This reason alone is why reunions and weekend getaways are so important and in fact down right necessary when it comes to maintaining friendships after college. That being said, instead of raging on in Idaho as I have done for the past twenty some years of my life, I found myself in Washington this Fourth of July, sharing my favorite of the fifty states with four of my best friends from college who flew into town for Madison's birthday and a long and much needed weekend together at her cabin in Lake Chelan.
As we made the three hour trek from the city to paradise all crammed in one car, the six of us couldn't help but comment on how easy it was to slip into our old ways, how comfortable we all still feel with each other, and how it felt as if no time had passed at all since our last reunion which was over six months ago.

Later that night as we sat on blankets in the grass at one of the most beautiful wineries I have ever seen, with the lake as a backdrop, listening to a Irish rock band of sorts, I couldn't help but look at my five friends and find myself deep in thought. Although we spent four years growing together on the beaches of San Diego, we have spent the past year away from each other growing apart. And as I thought about this a little bit more, I realized that the six of us really could not be at more different stages in life right now. Some with career successes under their belt already, others still wanderlusting searching for the right job that will bring the perfect happiness. One with graduate school abroad in the next few months, and another taking a year off for more time and soul searching before taking the plunge into law school. Some in serious relationships, making things work across their cities or even across the country, and others (like myself) single and restless with no signs of settling down any time soon. We are all so different and though it is hard to watch each other go through some of life's greatest and hardest moments from afar, it is comforting to know that we can still relate to each other, still enjoy each other's company and still appreciate each other for our differences, which seem to grow greater by the day.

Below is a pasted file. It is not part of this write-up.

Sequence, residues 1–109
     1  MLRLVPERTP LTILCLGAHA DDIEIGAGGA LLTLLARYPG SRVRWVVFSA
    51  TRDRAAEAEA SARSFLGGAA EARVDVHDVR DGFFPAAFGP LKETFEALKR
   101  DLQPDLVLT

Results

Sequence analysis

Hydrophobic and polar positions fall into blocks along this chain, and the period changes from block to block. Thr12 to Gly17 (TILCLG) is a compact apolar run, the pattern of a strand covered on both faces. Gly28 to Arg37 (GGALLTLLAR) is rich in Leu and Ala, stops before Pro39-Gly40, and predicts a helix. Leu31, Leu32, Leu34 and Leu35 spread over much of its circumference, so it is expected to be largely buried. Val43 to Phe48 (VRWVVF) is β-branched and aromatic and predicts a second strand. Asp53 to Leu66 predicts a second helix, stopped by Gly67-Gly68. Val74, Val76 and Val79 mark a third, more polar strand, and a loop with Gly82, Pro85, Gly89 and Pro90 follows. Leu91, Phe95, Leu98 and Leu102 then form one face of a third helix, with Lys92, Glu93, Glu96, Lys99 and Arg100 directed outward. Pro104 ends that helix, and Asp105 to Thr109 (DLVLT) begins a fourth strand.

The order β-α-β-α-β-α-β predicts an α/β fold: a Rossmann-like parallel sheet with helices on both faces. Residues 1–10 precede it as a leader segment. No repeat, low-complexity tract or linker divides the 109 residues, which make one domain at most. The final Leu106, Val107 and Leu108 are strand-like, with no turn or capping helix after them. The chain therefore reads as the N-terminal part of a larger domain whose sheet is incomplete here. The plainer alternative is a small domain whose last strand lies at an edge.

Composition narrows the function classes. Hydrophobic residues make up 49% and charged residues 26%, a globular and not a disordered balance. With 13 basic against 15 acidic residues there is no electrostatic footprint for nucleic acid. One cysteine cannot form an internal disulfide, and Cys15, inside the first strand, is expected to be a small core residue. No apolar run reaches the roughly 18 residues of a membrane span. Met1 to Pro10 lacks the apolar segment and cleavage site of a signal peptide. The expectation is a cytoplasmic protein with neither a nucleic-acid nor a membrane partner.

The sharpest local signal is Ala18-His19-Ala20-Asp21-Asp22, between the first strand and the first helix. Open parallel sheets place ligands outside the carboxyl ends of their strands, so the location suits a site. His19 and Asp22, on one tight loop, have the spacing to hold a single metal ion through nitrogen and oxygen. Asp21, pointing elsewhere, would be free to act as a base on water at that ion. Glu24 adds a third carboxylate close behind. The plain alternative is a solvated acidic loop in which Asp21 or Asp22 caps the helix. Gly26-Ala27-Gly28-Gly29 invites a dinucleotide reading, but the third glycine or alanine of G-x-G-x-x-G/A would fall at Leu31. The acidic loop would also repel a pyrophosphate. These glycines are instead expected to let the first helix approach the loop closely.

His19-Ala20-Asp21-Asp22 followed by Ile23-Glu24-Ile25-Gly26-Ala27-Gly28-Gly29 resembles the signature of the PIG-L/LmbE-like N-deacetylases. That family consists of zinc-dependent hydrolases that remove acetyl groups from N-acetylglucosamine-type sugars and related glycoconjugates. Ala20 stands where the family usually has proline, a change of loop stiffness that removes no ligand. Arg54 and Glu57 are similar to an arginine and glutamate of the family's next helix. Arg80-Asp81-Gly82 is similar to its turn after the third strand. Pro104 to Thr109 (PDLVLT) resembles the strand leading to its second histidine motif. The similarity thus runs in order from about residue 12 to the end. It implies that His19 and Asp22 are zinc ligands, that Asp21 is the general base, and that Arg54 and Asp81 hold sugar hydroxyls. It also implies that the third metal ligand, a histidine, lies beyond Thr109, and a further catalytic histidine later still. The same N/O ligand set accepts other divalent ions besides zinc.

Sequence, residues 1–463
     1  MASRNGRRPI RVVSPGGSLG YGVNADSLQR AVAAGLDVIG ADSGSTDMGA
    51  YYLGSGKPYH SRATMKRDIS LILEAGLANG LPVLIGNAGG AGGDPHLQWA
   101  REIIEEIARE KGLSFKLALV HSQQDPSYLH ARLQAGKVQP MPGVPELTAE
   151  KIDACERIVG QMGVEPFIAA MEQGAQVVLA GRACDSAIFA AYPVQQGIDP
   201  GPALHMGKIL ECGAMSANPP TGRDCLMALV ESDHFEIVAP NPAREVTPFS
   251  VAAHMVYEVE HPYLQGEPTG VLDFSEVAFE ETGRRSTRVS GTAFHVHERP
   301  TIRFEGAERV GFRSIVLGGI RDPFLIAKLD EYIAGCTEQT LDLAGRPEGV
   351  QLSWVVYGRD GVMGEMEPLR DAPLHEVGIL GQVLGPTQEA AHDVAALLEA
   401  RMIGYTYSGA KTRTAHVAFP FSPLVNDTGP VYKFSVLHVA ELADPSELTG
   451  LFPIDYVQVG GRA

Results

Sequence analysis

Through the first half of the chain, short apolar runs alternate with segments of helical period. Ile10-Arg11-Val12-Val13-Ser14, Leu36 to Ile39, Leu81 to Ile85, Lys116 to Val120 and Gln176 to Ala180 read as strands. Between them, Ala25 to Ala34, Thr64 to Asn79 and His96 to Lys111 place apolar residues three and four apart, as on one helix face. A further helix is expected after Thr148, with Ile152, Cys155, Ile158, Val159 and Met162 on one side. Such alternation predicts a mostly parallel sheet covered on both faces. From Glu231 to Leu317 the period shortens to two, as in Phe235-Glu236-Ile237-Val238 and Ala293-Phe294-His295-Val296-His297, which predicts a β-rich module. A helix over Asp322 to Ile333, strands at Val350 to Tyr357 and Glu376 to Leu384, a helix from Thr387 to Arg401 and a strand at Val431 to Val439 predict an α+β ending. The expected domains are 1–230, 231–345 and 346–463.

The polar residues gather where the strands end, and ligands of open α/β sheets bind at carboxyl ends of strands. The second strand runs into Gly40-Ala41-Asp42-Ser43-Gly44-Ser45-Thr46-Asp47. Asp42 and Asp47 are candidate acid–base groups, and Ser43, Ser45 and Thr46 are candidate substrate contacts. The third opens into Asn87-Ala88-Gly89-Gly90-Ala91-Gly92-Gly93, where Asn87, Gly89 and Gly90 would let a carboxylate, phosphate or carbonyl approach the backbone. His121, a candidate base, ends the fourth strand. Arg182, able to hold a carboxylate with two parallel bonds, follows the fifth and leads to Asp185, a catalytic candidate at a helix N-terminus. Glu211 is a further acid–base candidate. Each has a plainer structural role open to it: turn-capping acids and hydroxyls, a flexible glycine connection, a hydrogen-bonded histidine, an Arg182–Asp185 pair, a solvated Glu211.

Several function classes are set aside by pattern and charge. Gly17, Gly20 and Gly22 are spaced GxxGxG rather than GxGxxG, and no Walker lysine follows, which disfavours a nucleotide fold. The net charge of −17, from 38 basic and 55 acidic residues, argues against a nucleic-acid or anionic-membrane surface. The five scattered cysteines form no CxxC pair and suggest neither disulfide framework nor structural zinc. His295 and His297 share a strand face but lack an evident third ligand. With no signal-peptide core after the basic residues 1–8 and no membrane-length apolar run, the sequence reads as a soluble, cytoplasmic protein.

Those differences seemed to fade away however, as our weekend together progressed. We danced, we sang, we laughed, we cried, we drank, we ate, and we just were, together. Reliving our college glory days spent on the beach in California, this time as young professionals on a lake in Washington. We celebrated Madison's birthday and our reunion with one too many body shots and a few too many bottles of red wine, proving that even though we hold 9 to 5 jobs, we still have the stamina to go out four nights in a row, take over an entire bar, and get everyone within a mile radius to join in a catwalk on the dance floor. We may have been obnoxious, we may have been loud, but we couldn't help it. It's not every day I have my best friends from college in the same room, let alone state, and taking advantage of that fact was a must to say the least.
Throughout the weekend I was reminded of why we were all so close in college, why we did life together and why we will continue to do so for years to come. By the time we left Chelan, it was hard to remember where one of us ended and the next one began. We had so effortlessly grown together over the weekend and the thought of separation and growing apart again was almost as devastating as parting ways for the first time after graduation.
Saying goodbye at the end of the trip was like saying goodbye to a piece of myself. As I watched the last of the girls walk through the airport doors and as I headed back to work, to my reality, to my life, I couldn't help but wish I had them every weekend. And though there were many red wine toasts to memories of the past, hopes for the future, and more importantly, promises of frequent reunions, I still felt as though there was a gaping hole in my heart.

A week later I find myself at the coffee shop, back in my routine, growing in my own way, in my own city. As I sit here, I think of the girls, in California, in DC, in Texas and those in other states and countries even who couldn't make it to the weekend away. I wonder what they are doing, if they are laughing at the moment, if they know how much I love them and how incredible I think each of them are. I check my watch and calculate to East coast time, wondering if it's too late to send a witty text or one last funny joke from the weekend. Then I check my calendar and count the weeks until our next reunion, our next chance catch up and our next chance to grow back together.